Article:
Health authorities around B.C. are taking a scalpel to their operations to cut hundreds of millions of dollars to meet their budgets, according to memos released by the provincial government on Wednesday.
The cuts follow statements by Health Minister Kevin Falcon earlier this week that because of declining government revenue, there will be no more year-end bailouts for budget overruns, and that regional authorities will have to live with the money they were given in the February budget.
Chief executives of the major health authorities sent out memos this week saying most of the savings will come through measures like administrative cuts, smarter purchasing practices and overtime bans.
"We try and do as much as possible so that all our changes are invisible to the public," said David Plug, the vice-president of public affairs at Fraser Health, the largest of five regional authorities.
"But given the scope of our challenge, we will have to make some modest caps or reductions in services," he said Wednesday.
Memos detail cost-cutting measures
The ministry released the regional authorities' cost-cutting plans as they were laid out in the memos, showing some health services will be capped or reduced, including MRI scans and elective surgeries. Patients in B.C. hospitals could also find themselves paying more for private rooms and hospital visitors will face higher parking fees.
The CEO of Fraser Health outlined cuts in travel, administration and overtime, along with laying off or moving staff. The health authority also plans to cut 2,000 elective surgeries during next year's Olympics, according to a Fraser Health internal memo released by the NDP on Wednesday.
It's a similar story for Vancouver Coastal Health, where there will be cuts in sick leave, overtime and elective surgery. The authority is also looking for ways to generate more revenue, and will be cutting elective surgeries during the Olympics, based on the experience of other host cities that saw demand fall during the Games.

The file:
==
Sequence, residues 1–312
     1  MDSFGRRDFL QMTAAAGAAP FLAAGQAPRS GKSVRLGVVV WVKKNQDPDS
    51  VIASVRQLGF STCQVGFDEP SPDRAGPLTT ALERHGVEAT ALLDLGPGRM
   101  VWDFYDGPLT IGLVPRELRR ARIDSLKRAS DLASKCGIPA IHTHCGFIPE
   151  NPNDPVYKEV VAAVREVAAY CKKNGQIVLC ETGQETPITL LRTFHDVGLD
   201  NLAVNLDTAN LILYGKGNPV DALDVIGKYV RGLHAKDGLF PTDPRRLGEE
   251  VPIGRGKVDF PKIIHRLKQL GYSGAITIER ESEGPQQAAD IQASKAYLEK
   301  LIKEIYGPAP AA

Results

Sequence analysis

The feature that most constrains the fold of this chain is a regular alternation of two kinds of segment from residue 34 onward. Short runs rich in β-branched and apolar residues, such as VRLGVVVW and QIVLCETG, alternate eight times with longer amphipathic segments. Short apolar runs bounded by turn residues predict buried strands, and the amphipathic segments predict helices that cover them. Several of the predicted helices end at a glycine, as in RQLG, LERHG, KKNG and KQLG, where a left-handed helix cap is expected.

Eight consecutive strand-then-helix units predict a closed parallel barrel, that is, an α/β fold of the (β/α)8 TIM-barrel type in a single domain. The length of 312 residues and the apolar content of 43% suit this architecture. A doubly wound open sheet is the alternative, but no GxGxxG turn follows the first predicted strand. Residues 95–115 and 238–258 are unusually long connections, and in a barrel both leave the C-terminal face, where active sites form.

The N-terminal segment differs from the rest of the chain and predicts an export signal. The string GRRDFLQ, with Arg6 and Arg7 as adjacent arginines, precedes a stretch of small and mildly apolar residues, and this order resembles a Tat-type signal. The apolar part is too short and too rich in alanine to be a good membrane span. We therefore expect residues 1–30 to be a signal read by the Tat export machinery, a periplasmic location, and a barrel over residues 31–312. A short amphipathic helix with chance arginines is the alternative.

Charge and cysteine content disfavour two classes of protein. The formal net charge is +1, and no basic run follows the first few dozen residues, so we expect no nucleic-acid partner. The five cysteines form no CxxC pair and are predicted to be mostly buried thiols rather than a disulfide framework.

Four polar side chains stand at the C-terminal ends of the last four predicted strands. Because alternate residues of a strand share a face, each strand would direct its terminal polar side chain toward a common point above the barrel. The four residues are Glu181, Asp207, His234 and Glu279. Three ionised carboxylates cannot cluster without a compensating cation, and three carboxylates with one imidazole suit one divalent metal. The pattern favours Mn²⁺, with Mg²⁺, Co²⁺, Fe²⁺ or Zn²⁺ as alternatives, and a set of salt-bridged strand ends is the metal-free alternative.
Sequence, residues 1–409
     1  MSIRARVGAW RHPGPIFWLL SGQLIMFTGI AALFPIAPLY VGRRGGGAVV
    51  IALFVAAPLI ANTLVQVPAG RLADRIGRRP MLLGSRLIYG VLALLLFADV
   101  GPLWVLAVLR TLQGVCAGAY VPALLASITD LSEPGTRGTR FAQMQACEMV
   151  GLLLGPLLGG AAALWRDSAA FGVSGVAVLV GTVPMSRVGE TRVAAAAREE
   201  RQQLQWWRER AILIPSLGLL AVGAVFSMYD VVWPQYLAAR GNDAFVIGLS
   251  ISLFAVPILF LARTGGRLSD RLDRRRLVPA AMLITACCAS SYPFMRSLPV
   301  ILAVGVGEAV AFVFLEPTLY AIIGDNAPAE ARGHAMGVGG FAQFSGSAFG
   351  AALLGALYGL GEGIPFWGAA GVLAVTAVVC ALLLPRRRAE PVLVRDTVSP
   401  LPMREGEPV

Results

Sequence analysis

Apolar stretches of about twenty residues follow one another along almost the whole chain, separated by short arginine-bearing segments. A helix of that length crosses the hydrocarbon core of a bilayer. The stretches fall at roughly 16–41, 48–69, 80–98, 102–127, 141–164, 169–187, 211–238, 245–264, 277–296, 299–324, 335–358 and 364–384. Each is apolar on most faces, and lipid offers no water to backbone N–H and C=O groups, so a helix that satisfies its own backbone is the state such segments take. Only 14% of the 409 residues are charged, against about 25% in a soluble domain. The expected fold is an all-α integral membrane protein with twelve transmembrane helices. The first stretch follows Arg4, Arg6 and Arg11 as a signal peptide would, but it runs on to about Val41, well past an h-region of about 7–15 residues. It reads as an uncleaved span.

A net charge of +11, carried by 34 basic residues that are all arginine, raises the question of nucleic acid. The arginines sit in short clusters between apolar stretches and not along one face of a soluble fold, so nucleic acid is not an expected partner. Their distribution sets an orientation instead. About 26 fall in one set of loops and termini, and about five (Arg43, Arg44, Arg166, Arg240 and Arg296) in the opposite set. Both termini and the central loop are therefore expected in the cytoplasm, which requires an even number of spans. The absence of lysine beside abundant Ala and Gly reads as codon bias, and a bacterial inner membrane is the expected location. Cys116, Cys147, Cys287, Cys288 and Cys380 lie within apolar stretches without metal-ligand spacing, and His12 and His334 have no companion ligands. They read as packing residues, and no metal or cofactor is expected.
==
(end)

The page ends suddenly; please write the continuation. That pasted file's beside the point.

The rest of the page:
Interior Health said Tuesday it has already cut 100 administrative jobs. More cuts and longer wait times for elective surgery may be coming, while the Vancouver Island Health Authority has increased parking rates and is also considering selling non-essential assets.
Funding for the regional health authorities actually increased this year, but the health authorities had been spending at deficit rates that outpaced the increases, Falcon said Wednesday in Victoria.
The minister said the authorities have to "manage" about $360 million in cost pressures this year and he knows there will be many difficult decisions, but he was pleased the health authorities' managers have since committed to balancing their budgets.
"What they will be doing is taking a very hard look at administrative costs. Probably 40 per cent of all the savings will probably be found through administrative cost reductions," Falcon said.
The current B.C. health-care budget is about $15.7 billion and is expected to climb by more than $2 billion by 2011 — for a total rise of 87 per cent since 2001.
"That, I think, is a very positive thing," Falcon said. "It's not easy for them, but they recognize that receiving a 20 per cent budget increase over three years is pretty good given the economic situation that the province and the country finds itself in."